1. This is an application by Rajaram Ramkrishna' praying that his name may be substituted for that of Krishnarav Anandrav, deceased, as respondent in Second Appeal No. 445 of 1883.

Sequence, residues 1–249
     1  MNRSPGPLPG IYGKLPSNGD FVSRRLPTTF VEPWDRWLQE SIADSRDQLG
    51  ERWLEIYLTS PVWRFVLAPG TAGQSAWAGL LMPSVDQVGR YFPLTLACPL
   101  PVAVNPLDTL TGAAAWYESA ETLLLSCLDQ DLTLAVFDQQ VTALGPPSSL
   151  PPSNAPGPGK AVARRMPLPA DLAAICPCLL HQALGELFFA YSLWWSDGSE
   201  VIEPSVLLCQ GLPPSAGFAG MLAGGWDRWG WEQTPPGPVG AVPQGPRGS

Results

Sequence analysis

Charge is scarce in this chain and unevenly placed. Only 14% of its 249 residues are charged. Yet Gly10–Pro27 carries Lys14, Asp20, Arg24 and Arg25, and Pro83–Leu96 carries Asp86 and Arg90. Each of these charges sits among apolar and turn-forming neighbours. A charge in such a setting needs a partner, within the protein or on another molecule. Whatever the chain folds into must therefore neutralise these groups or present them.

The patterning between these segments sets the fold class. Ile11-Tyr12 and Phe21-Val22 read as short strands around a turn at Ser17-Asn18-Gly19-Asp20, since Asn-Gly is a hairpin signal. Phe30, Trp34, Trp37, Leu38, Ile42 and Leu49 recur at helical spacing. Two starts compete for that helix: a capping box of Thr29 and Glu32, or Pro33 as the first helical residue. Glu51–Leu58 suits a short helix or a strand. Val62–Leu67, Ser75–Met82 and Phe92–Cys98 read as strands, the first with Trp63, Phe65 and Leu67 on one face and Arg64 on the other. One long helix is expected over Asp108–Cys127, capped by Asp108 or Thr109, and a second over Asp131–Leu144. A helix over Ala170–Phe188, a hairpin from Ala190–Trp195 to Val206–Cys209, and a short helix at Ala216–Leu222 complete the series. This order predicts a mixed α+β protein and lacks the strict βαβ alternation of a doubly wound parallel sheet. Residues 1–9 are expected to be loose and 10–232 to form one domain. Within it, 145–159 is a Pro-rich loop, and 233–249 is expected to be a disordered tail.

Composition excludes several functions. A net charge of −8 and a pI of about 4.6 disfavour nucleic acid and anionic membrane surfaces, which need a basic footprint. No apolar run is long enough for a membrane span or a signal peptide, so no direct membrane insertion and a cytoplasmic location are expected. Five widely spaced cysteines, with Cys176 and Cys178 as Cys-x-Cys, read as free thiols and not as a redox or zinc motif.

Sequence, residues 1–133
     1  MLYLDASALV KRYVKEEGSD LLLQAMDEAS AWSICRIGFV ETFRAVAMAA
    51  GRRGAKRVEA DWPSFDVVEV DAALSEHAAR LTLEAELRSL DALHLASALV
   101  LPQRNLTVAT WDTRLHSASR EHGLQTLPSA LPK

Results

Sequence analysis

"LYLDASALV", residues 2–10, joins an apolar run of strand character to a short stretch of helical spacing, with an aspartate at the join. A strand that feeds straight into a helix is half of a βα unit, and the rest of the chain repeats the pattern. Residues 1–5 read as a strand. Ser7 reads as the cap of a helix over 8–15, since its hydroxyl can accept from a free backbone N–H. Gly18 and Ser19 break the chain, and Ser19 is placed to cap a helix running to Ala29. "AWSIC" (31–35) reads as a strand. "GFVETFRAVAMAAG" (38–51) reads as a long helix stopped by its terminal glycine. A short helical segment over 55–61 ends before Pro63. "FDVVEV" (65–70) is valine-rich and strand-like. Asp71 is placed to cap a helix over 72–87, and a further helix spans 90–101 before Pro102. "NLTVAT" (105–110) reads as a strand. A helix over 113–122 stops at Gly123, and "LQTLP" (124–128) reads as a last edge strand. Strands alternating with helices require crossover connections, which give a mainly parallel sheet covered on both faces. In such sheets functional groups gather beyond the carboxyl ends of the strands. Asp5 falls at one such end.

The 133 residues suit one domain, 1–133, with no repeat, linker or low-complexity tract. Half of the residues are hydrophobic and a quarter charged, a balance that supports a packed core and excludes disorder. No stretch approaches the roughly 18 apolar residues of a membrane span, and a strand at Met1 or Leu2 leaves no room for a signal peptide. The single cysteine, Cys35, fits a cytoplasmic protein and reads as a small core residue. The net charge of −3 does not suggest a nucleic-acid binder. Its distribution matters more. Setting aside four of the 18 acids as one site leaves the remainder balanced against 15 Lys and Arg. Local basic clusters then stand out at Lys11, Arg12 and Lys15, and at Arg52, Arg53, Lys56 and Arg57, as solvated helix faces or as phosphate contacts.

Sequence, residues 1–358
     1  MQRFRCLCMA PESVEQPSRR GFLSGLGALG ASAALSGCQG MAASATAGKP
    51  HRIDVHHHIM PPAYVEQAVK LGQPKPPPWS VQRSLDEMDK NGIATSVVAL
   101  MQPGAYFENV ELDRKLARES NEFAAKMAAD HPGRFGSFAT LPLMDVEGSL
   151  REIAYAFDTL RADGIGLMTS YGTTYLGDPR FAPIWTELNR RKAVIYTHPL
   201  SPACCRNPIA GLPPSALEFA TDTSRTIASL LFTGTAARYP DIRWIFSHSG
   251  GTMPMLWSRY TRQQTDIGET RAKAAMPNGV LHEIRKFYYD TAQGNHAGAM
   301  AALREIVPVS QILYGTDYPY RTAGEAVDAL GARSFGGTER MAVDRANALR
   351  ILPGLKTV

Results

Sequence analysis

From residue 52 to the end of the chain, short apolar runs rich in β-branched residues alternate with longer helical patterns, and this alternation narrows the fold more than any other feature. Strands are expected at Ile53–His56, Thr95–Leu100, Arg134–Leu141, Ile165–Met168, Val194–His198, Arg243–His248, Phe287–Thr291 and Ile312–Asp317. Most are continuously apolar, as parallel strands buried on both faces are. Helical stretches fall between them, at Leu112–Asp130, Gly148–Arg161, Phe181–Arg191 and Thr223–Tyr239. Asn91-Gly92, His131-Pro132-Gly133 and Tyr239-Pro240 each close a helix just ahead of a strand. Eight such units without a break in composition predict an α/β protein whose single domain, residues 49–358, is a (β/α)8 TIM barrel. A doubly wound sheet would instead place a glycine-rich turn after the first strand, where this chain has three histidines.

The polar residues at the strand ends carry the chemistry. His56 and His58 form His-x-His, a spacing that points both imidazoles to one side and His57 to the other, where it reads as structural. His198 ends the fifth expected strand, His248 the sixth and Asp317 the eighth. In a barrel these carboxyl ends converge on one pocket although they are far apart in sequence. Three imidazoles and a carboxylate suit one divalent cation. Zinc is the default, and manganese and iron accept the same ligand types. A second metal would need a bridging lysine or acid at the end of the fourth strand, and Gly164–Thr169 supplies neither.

2. Section 372 of the Code of Civil Procedure provides that 'in other cases of assignment, creation and devolution of any interest pending the suit, the suit may' on terms be continued; but it has been contended that, where the respondent has died, the provision for the case of the death of a defendant in Section 368 prevents the application of Section 372 to the case. No doubt, as said in Lakshmibai v. Balkrishna I.L.R. 4 Bom. 654 the analogy of Section 368 is to be extended generally to appeals, and the party appealing may choose his own respondent as representative of one deceased. The more specific rule prescribed in Section 368 must, therefore, prevail in the cases to which it is exactly applicable over what from that point of view is the more general or residual rule in Section 372. But then the rule in Section 368 may well be intended for the case in which the death, and the death only, of the defendant constitutes the change of circumstances for which it -was thought necessary to provide; while in the case before us there has not only been a death of the respondent, but an alleged prior conveyance by him to the present applicant of the house and land awarded to the respondent by the decree now appealed against. The case being one of an assignment or creation of an interest pending the appeal plus the death of the assignor, is one embracing a fact more than that contemplated by Section 368,, The rule in Section 372, on the other hand, must be admitted to apply to it and being alone sufficiently inclusive, if net the more specific, as dealing with 'other cases' than the ones previously provided for, must prevail over those rules. The double event of a transfer of the decree-holder's title and,, of his death was probably not distinctly conceived by the draftsman of the Code; but we can give effect to the apparent intention not only in a literal application of the words to the cases exactly provided for, but also by a logical extension of them to the composite cases involving circumstances that fall separately under distinct rules, and yet must have been meant to be dealt with in a consistent and uniform manner.